"That's 'cause before now, I was never this much at peace. I couldn't let myself relax and trust other people." She threw him a look. "Maybe you could try trusting a little more. Eliot has taken us both under his protection, and frankly you aren't sounding very grateful."
"Gratitude doesn't alter the facts. And the fact is, the longer we wait, the more entrenched Gregor Tai's control of the TSC becomes."
"I know that. Eliot is doing all he can."
"I'd prefer it if we could see the specifics of that for ourselves."
Emry sighed. "Why can't you trust him, Zeph? He's not the kind of human who enslaved and abused you. He's the kind who's fought against people like that his whole life!"
"And I respect that about him. But he is also a very ambitious and calculating man who values control above all else."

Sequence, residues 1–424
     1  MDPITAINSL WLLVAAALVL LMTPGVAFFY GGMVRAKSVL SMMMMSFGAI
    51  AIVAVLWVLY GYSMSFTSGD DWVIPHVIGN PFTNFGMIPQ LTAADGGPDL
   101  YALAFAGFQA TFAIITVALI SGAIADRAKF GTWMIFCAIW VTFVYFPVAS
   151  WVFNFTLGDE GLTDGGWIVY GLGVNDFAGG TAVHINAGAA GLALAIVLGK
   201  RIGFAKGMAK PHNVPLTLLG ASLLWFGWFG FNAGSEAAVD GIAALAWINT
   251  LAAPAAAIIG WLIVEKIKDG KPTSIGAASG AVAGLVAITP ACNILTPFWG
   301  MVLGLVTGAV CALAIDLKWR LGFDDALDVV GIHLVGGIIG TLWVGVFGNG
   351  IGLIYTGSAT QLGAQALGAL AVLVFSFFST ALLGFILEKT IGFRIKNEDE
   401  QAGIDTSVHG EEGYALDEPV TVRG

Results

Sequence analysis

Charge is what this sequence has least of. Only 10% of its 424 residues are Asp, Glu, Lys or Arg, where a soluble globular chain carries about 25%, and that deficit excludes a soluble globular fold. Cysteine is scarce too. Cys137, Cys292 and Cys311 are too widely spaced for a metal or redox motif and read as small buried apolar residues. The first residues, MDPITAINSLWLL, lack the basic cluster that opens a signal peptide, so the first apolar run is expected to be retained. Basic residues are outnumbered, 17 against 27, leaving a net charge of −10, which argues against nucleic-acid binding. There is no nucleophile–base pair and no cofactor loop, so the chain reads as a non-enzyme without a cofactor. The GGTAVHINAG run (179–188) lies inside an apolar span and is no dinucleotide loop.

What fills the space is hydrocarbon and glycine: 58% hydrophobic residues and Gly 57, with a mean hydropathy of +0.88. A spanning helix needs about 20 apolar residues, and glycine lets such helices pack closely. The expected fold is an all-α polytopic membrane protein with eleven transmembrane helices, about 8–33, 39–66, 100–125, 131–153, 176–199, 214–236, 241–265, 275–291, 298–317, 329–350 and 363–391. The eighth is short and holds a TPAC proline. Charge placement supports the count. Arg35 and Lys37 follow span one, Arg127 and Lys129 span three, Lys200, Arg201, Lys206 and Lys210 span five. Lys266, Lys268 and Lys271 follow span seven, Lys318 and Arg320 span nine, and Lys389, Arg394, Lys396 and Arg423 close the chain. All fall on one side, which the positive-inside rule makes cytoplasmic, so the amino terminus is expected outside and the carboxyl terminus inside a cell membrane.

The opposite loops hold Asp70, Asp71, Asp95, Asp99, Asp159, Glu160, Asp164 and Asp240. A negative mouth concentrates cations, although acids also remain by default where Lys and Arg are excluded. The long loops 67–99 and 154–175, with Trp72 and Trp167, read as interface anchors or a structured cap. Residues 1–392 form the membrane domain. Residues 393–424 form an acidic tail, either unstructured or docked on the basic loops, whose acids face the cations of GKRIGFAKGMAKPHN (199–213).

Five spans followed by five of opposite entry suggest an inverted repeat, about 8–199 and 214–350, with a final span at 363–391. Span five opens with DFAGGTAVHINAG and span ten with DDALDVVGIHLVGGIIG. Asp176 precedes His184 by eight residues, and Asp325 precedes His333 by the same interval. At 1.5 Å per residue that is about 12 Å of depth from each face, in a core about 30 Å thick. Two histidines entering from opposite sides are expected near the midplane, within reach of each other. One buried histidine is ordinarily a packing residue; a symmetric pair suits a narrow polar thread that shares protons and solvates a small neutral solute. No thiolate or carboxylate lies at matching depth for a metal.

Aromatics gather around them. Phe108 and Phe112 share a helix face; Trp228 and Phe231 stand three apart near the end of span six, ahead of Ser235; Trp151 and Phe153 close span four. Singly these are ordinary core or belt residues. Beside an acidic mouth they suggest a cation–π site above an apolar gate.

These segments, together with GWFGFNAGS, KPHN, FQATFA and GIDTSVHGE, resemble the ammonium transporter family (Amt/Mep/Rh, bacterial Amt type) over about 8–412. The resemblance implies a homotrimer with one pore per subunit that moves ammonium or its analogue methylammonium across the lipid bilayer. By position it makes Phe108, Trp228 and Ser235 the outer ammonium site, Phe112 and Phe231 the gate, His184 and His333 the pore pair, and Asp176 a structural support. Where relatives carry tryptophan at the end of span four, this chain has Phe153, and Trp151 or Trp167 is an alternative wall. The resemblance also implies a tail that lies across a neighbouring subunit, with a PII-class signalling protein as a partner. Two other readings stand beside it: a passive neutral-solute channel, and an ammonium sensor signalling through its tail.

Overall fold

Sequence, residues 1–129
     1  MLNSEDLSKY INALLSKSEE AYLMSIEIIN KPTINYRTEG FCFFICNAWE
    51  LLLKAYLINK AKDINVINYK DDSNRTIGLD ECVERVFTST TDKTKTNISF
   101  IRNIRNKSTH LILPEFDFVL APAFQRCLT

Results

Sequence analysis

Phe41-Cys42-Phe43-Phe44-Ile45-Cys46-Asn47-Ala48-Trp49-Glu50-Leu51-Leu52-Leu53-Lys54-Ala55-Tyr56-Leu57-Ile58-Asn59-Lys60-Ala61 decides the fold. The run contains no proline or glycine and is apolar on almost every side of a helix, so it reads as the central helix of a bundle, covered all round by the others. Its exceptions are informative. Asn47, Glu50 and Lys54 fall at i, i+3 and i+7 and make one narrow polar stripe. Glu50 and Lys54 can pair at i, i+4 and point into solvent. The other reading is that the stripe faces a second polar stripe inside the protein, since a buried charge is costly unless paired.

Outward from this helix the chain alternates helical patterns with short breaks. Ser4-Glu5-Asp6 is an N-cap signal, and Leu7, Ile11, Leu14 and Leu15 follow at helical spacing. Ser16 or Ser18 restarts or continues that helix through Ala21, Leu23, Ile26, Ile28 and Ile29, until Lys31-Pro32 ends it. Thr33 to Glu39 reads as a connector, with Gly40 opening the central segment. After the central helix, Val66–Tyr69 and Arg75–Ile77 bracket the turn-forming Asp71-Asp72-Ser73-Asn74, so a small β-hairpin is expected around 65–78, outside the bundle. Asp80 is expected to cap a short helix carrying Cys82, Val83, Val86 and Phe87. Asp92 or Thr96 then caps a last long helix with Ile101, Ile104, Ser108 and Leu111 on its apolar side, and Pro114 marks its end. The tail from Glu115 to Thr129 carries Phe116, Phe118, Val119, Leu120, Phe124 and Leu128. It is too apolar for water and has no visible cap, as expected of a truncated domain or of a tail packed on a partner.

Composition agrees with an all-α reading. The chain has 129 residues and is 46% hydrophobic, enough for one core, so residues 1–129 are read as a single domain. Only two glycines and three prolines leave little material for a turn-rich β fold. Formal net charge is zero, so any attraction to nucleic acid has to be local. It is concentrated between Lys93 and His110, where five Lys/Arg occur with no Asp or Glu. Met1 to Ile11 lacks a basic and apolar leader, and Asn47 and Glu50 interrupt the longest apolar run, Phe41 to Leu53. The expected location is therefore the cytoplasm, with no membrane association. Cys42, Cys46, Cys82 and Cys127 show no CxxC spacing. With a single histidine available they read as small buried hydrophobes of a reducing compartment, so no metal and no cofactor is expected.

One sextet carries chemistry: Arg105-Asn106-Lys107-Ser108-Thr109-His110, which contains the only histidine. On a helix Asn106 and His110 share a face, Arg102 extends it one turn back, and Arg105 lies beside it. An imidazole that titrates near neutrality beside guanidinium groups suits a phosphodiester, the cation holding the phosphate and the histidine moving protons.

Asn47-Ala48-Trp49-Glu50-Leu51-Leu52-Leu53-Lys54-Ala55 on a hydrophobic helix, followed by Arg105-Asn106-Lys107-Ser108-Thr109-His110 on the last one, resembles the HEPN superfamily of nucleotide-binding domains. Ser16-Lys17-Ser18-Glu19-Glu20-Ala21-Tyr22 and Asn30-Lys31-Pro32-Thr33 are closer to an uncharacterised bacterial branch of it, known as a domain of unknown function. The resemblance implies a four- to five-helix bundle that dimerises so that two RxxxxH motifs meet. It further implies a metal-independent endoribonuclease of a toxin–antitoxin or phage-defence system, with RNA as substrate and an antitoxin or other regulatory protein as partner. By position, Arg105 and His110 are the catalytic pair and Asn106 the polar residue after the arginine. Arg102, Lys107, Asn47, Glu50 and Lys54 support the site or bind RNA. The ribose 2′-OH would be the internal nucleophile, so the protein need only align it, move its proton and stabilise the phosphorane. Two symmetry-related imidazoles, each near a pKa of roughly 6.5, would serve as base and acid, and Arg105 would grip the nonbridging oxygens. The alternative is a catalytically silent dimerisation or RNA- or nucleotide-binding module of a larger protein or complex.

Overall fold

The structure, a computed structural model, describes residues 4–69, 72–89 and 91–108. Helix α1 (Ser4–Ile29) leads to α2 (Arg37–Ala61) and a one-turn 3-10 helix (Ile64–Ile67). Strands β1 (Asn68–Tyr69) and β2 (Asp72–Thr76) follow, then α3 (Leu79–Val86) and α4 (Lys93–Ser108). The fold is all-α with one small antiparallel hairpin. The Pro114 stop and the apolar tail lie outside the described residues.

"You don't still think he's up to something?"
"A man like Thorne, by his nature, is always up to many things at any given time. He makes no secret of his goals. And he would use any means at his disposal to fulfill them."
This was getting ridiculous. "Including me?" she shot back. "Zephy, if you're trying to say he's tricked me into falling in love with him-well, that's the stupidest thing you've ever said! You know me, Zeph! You know I'm not that type!"
"I also know that Vanguardians are skilled at pheromonal control. Tell me-do you find he smells alluring even after extensive physical exertion?"
Emry sighed. "Ohh, yeah."
"Normal male perspiration contains a pheromone called androstenol, which is attractive to women. But within twenty minutes, it oxidizes to androstenone, which tends to be repellent to women. Parandrostenol is a synthetic variant, which resists oxidation. Thorne has apparently engineered himself to secrete it instead-thus intensifying his attractive power."